Thursday, April 3, 2014

Two Sons: A Parable

Once upon a time, there was a mother who had to travel out of the country for some time. She had two children, a college-aged daughter and a son who was several years younger. She left each of her kids as well as her husband notes on what things she usually did that they each needed to do while she was gone. Among the tasks, the husband was to give the dog his nighttime food. The daughter, whose college classes ended before her brother's, was to make sure he did his homework as soon as he got home, cook the evening meal, for which she had detailed menus, and feed and water the dog in the morning.

The son was tasked with setting and clearing the table, washing all the dishes, and sweeping the kitchen floor. In his note, the mother had also left her son some personal reminders and instructions. She reminded him that until their dad got home in the evening, his sister was in charge and that he needed to help her out with getting dinner ready if asked. She explained that he shouldn't be feeding the dog unless his dad or sister forgot because that would result in it overeating. She told him not to spend all his evenings playing video games and to not get into the food in the cabinet next to the stove, as that's where the food on the menu for the week was located. "Make sure you brush your teeth, comb your hair, and take your Adderall every morning," she reminded. "Be sure to spend extra time on your English. Get that grade up, and maybe we'll see about that iPod you wanted."

Each of the notes also expressed her love for them, reminding them that she would love them forever.

After the mother made it back home after her trip, the daughter and husband discarded their notes, but the son kept his, not wanting to throw away his mother's expression of love and pride in him.

A few months later, the family adopted another son, a couple years younger than their first son. The mother poured a lot of love and care into their adopted son, making sure he knew that he, too, would be loved forever.

The following year, a family emergency caused the mother to need to travel out of state. She didn't have time to write each of them notes, so she instead talked to them while she was packing, leaving the daughter once again in charge of the household in the afternoons before dad got home. "Be sure to do what your sister asks," she told the two boys. "I'm counting on you."

The kids and dad divided up the tasks between them-- cooking, cleaning, dishes, dog.

The day after their mother left, the older son pulled out the note his mother had left him the year before. While the situation was different and his tasks weren't quite the same, it served as a useful reminder. The younger son found the note and read it as well.

The next day, the dad found the younger son trying to take the older son's Adderall. "Mom said I should," he defended.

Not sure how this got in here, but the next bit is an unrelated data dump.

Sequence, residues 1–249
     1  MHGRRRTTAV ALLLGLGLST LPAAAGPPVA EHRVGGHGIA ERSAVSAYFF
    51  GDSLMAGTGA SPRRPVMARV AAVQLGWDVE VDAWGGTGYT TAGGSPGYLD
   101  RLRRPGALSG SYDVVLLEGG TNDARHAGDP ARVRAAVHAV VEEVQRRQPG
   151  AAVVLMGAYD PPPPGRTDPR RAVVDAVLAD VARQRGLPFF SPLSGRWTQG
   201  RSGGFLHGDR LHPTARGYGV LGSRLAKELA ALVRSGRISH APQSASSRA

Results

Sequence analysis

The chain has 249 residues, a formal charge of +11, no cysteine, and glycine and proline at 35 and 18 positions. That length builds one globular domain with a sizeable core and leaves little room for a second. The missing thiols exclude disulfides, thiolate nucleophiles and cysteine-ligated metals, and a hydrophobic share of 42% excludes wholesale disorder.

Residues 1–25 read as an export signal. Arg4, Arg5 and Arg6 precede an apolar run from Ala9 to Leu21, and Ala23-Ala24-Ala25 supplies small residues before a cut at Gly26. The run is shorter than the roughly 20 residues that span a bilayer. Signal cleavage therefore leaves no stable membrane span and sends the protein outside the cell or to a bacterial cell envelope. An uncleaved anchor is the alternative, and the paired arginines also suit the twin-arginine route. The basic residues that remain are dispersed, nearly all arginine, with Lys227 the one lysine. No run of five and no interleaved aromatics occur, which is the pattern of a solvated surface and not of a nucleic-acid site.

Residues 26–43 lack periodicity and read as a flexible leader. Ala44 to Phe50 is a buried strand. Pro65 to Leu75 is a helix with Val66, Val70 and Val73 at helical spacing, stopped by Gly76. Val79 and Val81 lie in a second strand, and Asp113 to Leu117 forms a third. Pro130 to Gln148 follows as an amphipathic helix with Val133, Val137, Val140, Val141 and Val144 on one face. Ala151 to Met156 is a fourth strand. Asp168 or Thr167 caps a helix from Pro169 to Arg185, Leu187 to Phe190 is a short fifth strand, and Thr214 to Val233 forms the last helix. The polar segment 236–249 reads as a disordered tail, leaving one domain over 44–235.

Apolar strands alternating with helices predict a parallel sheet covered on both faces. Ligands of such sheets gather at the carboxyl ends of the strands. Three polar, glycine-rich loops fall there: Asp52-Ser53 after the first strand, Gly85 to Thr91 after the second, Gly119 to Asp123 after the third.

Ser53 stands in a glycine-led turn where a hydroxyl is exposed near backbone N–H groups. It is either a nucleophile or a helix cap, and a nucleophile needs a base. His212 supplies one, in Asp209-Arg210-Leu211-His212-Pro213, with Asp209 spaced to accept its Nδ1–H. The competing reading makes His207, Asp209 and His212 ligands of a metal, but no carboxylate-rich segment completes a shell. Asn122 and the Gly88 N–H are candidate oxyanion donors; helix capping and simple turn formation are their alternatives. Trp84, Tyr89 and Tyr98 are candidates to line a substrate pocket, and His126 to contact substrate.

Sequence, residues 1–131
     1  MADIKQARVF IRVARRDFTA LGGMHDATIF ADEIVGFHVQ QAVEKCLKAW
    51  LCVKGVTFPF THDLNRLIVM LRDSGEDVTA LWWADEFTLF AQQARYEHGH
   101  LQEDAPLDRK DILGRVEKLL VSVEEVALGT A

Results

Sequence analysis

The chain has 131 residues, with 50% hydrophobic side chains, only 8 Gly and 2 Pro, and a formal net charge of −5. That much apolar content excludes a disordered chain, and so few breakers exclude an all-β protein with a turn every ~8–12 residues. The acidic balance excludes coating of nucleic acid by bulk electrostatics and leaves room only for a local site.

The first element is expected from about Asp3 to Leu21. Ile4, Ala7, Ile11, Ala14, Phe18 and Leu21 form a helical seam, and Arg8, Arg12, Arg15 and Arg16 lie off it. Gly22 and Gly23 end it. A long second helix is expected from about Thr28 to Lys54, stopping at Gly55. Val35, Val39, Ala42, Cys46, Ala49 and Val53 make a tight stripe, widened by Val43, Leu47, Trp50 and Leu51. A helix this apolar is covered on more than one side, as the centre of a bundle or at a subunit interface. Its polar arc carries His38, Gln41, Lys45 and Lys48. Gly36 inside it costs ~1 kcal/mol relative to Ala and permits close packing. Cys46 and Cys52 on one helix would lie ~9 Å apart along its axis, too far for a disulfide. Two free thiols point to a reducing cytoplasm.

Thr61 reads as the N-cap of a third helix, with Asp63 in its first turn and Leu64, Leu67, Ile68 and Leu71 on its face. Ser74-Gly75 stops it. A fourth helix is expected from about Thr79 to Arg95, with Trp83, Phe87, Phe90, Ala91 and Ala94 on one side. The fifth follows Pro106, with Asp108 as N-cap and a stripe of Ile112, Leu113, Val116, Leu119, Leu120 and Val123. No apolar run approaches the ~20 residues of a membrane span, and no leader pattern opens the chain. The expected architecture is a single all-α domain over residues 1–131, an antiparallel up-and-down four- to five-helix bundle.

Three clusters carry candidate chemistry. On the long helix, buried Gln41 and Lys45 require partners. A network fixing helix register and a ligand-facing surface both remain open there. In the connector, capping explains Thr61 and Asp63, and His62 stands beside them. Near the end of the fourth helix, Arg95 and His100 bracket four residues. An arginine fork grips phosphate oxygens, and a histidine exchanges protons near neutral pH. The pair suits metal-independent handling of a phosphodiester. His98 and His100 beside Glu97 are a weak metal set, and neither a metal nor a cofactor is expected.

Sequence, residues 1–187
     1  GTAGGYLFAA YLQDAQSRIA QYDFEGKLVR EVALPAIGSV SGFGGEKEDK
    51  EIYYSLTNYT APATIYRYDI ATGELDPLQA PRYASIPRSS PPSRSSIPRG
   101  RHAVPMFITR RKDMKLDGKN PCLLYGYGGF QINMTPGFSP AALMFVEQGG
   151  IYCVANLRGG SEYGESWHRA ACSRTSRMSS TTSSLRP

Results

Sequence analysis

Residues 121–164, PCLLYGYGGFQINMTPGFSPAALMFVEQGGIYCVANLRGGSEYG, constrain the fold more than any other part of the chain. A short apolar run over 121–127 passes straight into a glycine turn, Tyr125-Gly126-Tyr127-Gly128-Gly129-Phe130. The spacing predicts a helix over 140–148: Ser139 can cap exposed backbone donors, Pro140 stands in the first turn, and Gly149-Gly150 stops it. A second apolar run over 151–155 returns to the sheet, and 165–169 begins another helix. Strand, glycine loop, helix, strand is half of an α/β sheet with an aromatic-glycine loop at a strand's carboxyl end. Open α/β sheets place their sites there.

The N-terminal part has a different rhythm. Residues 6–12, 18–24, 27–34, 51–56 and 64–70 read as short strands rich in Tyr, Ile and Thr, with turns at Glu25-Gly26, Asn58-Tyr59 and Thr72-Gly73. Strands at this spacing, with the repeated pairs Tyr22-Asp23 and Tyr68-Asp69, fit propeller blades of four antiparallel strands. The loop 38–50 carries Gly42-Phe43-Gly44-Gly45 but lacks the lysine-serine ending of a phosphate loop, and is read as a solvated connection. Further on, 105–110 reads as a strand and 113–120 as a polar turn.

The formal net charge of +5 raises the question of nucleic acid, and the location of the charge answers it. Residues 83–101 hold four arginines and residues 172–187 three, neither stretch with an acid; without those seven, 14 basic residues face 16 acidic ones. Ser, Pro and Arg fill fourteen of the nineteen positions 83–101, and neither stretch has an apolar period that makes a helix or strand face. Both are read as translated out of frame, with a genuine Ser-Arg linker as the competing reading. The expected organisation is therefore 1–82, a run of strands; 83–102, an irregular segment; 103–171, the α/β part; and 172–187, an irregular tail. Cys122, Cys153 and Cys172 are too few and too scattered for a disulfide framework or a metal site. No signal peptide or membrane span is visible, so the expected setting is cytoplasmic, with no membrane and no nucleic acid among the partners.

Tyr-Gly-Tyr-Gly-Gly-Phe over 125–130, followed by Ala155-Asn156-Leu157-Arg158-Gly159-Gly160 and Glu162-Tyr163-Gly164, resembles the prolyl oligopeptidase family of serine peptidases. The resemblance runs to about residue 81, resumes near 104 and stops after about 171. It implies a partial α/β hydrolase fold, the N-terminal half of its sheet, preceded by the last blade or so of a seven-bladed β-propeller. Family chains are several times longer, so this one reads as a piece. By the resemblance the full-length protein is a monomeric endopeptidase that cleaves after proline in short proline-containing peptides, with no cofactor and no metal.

That afternoon, the sister noted that no one had fed the dog, which they had all agreed would be the younger son's job. "I'm not supposed to feed the dog. You and Dad are," he declared.

The following day, a note came home from the school saying he hadn't turned in his math homework. "I spent too much time on my English homework," he explained at dinner.

"But that isn't due till next Monday," the daughter pointed out.

"I need to get my English grade up."

"But you've got a B+ in it and a C- in math," the dad said, bewildered.

"Mom said. If I get my grade up, she might buy me an iPod," the younger son answered, then left the room.

That Friday, the older son had a friend stop by with a new video game. They played for quite some time while enjoying some crackers from the cabinet next to the stove. The younger son yelled at his older brother for disobeying their Mom by playing video games and getting into "that cabinet."

And so a week passed in confusion until someone discovered the younger son consulting the letter written the year before to the older son. The dad sat his son down and explained that the note was written to his older brother and was intended as advice and instructions only for him, and only for that particular time and situation.

"But it says it's to her son and that she'll love him forever. Mom is always saying she'll love me forever, and I'm her son, so the note is for me, too, and not just him. I'm just obeying what Mom wrote."


Once upon a time, inspired by God, prophets and rulers wrote down advice and instructions for the people of Israel in various situations. Once upon a time, Jesus gave advice and instructions to his disciples for their time and place. Once upon a time, various early Christian writers penned letters to specific congregations full of teachings, advice, and instructions for their situations.

Many of these writing have universal advice, good guidelines for our behaviour. But just because we Christians are God's adopted children, just because he loves us, does not give us ownership over the promises or rules he set up for his older chosen children. Just because we are followers of Christ doesn't mean the advice given to a group of Christ-followers will apply as well to us. Just like the younger, adopted son, we must be discerning of which rules and instructions are universal to all God's children and which were intended for specific people, at specific times, or in specific situations.

4 comments:

  1. Beautiful story that ties so wonderfully into sound advice. Kudos.

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  2. I have two little boys, and write them letters too! I loved this.

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